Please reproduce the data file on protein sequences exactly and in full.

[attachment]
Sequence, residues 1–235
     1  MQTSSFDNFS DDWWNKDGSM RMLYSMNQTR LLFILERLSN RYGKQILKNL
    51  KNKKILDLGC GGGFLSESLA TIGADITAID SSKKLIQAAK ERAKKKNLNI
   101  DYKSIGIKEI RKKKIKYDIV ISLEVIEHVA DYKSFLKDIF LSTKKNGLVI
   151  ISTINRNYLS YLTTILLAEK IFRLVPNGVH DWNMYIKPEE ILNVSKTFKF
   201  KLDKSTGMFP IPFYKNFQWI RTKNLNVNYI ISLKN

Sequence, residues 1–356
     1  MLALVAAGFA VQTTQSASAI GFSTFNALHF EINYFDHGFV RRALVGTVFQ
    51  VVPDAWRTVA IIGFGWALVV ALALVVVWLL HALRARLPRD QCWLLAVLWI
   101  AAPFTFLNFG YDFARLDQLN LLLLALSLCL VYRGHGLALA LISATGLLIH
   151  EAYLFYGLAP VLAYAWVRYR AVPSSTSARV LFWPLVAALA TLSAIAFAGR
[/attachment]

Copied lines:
Sequence, residues 1–235
     1  MQTSSFDNFS DDWWNKDGSM RMLYSMNQTR LLFILERLSN RYGKQILKNL
    51  KNKKILDLGC GGGFLSESLA TIGADITAID SSKKLIQAAK ERAKKKNLNI
   101  DYKSIGIKEI RKKKIKYDIV ISLEVIEHVA DYKSFLKDIF LSTKKNGLVI
   151  ISTINRNYLS YLTTILLAEK IFRLVPNGVH DWNMYIKPEE ILNVSKTFKF
   201  KLDKSTGMFP IPFYKNFQWI RTKNLNVNYI ISLKN

Sequence, residues 1–356
     1  MLALVAAGFA VQTTQSASAI GFSTFNALHF EINYFDHGFV RRALVGTVFQ
    51  VVPDAWRTVA IIGFGWALVV ALALVVVWLL HALRARLPRD QCWLLAVLWI
   101  AAPFTFLNFG YDFARLDQLN LLLLALSLCL VYRGHGLALA LISATGLLIH
   151  EAYLFYGLAP VLAYAWVRYR AVPSSTSARV LFWPLVAALA TLSAIAFAGR